‘Apollo’ successful despite starting glitches

Stephanie Toone

With a late start and and a chorus of boos for the first performer, Showtime at the Apollo had a shaky beginning.

But as the event progressed, the following 14 acts kept the crowd’s attention.

The Sandman, played by Elizabethtown senior Kristina Covington, kept the audience entertained, yanking performers off the stage when they were booed.

The Black Student Alliance sponsored Showtime at the Apollo at DUC Theater Saturday night. It was a version of the television show that originated in Harlem, N.Y. The audience members were the judges, and the prize was $200.

Louisville junior Patricia Weaver, president of the BSA, said she got the idea for having the Apollo-type show at Western from the University of Kentucky.

“It’s a new show to get some funds and get our name out there,” Weaver said.

Before the show started, Weaver’s main concern was just filling the seats.

The contestants had other things on their minds.

“I’m nervous, no doubt,” Louisville freshman Cecil Kirby said.

But he was also excited about the opportunity to rap. Kirby said Saturday’s show could do a lot for his career.

“I love music and I love to rap,” he said. “I think this will be a good start for me.”

Kirby said his main focus was to get recognition from his performance.

“The $200 will go far, but gettin’ known will go further,” Kirby said.

Bowling Green resident Nicolas Guzman, a worker at Garrett food court, had greater aspirations than money or name recognition.

“My main objective is to praise and glorify my Lord and Savior Jesus Christ,” he said.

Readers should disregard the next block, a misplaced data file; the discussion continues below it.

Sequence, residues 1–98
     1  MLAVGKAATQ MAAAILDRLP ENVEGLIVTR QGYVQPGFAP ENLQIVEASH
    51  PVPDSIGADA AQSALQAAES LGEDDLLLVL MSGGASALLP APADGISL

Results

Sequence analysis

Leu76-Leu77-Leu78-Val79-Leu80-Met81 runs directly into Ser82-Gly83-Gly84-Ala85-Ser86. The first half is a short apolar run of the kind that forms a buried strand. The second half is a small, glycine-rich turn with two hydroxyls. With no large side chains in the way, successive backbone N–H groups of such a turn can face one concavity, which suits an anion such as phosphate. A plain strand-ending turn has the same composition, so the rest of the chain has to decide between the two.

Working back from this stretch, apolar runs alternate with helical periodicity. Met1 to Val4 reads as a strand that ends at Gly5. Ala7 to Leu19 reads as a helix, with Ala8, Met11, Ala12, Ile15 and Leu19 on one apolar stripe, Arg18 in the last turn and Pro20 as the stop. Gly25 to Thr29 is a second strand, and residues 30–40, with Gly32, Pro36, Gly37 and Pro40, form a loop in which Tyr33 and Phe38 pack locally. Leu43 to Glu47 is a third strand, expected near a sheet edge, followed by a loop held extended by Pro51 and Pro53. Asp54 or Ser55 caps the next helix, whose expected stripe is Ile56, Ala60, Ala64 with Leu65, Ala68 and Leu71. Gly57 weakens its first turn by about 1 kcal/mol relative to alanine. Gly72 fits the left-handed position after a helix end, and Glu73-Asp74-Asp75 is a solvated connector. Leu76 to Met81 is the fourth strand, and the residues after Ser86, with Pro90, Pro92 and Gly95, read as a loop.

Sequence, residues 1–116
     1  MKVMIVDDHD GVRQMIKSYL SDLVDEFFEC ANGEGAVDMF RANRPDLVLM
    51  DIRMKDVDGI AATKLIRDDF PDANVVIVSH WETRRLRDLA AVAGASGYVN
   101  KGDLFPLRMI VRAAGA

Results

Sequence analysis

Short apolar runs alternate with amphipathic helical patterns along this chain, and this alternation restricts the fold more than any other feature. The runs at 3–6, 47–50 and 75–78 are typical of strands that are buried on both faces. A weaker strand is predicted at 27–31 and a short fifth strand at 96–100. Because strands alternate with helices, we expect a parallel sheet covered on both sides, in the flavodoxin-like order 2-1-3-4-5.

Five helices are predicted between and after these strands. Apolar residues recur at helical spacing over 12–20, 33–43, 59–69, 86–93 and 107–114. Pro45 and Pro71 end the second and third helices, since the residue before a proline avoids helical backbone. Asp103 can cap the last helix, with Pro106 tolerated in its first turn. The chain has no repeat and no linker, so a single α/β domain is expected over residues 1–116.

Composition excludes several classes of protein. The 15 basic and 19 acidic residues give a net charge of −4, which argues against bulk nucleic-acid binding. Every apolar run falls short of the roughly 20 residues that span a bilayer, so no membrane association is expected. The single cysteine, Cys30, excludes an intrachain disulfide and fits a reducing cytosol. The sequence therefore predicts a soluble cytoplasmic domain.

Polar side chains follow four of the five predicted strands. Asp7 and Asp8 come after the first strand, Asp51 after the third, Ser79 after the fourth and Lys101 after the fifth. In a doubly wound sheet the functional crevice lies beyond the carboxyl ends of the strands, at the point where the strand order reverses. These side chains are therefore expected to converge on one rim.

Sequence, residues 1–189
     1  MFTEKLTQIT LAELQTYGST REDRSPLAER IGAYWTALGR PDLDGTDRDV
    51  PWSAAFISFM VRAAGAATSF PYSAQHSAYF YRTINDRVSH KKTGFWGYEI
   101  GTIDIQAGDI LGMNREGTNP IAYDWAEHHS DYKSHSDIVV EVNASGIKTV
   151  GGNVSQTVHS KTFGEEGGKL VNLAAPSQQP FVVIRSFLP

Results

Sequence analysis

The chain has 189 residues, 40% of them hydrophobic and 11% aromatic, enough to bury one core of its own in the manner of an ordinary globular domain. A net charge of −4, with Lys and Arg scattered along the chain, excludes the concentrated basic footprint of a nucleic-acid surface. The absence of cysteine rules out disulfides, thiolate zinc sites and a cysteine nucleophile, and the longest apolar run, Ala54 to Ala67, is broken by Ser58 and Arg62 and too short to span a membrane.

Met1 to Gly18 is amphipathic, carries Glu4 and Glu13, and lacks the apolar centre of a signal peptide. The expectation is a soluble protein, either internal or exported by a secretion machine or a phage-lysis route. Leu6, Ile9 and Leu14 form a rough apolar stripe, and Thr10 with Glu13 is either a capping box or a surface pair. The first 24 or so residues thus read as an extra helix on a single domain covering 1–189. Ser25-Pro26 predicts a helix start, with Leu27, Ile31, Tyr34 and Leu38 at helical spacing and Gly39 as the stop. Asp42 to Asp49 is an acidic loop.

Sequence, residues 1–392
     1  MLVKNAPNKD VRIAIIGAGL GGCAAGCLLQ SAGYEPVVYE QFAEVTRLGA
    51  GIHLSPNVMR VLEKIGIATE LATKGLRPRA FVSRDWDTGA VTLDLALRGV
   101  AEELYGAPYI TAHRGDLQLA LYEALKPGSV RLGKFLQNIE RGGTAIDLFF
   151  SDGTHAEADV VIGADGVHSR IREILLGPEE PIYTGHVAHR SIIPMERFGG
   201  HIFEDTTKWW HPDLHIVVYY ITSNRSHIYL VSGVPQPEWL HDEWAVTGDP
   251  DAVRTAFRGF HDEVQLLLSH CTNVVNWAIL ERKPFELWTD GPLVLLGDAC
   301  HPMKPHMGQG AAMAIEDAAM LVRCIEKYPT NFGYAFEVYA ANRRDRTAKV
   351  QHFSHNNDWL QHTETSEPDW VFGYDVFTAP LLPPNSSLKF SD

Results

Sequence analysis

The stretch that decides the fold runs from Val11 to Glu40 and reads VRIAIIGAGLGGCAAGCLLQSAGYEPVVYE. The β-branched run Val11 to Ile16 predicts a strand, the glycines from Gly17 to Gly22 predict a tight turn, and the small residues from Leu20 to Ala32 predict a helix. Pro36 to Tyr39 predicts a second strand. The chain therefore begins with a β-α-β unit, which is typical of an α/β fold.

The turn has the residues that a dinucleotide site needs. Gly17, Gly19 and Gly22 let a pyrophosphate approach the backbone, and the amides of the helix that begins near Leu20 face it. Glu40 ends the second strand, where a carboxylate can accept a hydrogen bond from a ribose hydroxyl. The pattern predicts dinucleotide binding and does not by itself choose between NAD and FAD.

Guzman said he was nervous about singing his Christian solo in front of so many people, even after the performance. But he also said he enjoyed it.

By the end of the night, four of the 15 acts were booed off the stage, escorted by the Covington.

The grand prize winner was Str8 Butta, a rap group comprised of Russellville High School juniors Tierra Evans and Damien Terry.

Evans said she had high hopes before the beginning of the show.

“I feel we’re gonna do good,” she said.

Terry said he thought the experience would help Str8 Butta improve. He said he also learned a lot.

“[I] gotta accept criticism and they will boo you,” Terry said.

Paducah sophomore Emily Hovekamp said she enjoyed the singing. She said she thought Nashville sophomore Shenita Williams should have won.

“I didn’t like the rapping because you couldn’t hear it well … She had a much better voice,” Hovekamp said.

Nashville freshman Mandi Wansley said she thought the show was pretty good, but she would have like more variety.

“I was expecting it to be more funny,” she said.

Wansley said she attended the event to see who would perform.

“I just wanted to see who had the nerves to come out not knowing whether they would get cheered or booed.”

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